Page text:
Carlos Boozer, Luol Deng

Baseline to Baseline recaps: Bulls win another without Rose

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What you missed while watching your kid freak out about the Easter Bunny

Knicks 96, Magic 80: The Knicks are feeling confident and finding their stride as the Magic are coming apart at the seams. The other key — Tyson Chandler is one of the few centers who can match up with Dwight Howard. It was our game of the night.

Bulls 93, Celtics 85: It was a tale of two halves. In the first one the Celtics rolled, holding Chicago to 38 total points (the Bulls were without Derrick Rose again), while Paul Pierce alone scored 17 points to help the team build a 10-point lead at the break. Then the second half opened with a quick 6-0 Bulls run and it was a sign of things to come as the older legs of the Celtics looked like they were on a back-to-back. Chicago’s defense held the Celtics to 38 second half points while Luol Deng dropped 18 of his 26 after the halftime show.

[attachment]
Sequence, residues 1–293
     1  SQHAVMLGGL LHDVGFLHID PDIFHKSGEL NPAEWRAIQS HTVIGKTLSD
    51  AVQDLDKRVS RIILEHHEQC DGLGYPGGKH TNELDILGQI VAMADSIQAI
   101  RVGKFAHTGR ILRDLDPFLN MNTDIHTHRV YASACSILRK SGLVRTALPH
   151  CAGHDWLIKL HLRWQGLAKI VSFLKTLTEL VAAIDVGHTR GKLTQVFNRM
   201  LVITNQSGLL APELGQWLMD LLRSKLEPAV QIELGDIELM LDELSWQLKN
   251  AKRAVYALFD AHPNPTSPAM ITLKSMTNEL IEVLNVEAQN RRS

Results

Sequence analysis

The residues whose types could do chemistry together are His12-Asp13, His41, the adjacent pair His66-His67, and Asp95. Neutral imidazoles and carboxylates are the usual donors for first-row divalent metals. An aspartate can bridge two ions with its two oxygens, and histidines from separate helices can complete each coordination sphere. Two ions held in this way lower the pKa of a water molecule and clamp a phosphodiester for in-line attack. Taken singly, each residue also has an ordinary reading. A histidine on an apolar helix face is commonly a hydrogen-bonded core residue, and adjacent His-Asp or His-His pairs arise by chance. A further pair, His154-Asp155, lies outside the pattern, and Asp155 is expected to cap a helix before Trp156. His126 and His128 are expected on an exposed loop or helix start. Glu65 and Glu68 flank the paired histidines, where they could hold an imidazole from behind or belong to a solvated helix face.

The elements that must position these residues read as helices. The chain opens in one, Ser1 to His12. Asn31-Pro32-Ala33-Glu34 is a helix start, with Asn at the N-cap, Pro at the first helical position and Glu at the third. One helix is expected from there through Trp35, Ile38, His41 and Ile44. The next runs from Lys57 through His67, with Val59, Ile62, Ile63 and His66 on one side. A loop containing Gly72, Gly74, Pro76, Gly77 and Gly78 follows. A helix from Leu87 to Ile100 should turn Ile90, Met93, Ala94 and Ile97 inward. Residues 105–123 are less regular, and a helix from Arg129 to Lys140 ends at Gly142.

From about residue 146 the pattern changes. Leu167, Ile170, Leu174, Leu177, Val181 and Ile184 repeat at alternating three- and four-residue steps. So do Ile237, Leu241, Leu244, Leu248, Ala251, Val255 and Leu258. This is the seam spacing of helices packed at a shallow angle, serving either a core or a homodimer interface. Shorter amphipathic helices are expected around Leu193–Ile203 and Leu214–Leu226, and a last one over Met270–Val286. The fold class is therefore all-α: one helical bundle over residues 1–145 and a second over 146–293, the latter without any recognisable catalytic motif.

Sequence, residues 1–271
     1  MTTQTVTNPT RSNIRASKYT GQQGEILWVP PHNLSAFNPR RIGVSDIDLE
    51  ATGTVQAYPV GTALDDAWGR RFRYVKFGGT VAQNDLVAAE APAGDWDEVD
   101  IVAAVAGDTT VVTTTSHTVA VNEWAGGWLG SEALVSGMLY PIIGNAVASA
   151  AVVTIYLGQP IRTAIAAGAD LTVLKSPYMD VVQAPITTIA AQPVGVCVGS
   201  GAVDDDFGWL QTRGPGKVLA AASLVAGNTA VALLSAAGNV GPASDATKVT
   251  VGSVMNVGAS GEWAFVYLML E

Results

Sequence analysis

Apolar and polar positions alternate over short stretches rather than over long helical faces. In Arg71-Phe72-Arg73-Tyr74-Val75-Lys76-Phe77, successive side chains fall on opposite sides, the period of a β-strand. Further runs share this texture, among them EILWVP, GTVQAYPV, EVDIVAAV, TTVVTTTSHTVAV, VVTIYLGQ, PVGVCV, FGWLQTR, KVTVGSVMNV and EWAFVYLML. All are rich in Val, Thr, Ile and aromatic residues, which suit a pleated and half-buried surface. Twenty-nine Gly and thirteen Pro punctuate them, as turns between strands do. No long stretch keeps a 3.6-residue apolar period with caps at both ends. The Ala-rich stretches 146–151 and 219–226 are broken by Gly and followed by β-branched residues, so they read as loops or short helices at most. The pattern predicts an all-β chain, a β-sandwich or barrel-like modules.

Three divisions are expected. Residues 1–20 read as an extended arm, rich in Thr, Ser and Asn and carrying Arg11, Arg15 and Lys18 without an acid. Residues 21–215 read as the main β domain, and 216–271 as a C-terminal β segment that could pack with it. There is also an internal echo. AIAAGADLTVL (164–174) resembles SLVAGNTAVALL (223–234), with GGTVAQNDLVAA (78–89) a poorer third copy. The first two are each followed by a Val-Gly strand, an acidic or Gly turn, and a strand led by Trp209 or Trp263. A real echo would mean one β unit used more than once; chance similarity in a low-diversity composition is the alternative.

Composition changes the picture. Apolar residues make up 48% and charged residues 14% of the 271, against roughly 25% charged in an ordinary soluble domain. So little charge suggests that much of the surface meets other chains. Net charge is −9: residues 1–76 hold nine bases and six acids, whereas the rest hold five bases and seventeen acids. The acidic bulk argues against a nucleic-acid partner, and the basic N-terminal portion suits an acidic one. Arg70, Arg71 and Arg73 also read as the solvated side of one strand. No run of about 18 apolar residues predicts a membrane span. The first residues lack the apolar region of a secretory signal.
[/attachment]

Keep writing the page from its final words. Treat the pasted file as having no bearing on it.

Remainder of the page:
Clippers 93, Kings 85: Los Angeles led most of the way but this is a feisty Kings squad that had a 10-2 run in the fourth quarter and made a real game of it. Late in the game, the Kings followed the book on Blake Griffin and let him take to top-of-the-key jumpers rather than drive — and he buried them. If he gets that shot down, watch out. Randy Foye continued his hot play and had 20. On the other side Jason Thompson must have watched the Andrew Bynum tapes from the night before and finished with 15 points and 16 rebounds.

Pistons 99, Wizards 94: Detroit once again proves that it is the best of the NBA’s bad teams. Greg Monroe had 18 points without having to play the fourth quarter (he had it easy with Nene still out) and Rodney Stuckey had 15 off the bench for the Pistons. John Wall — 28 points, 10 assists — was the best and most aggressive player on the floor but it wasn’t enough. At the end the Wizards tried to foul Ben Wallace (hack-a-Ben?), and he knocked down 5 of 6 free throws.

DeMarcus Cousins out for Kings vs. Warriors Saturday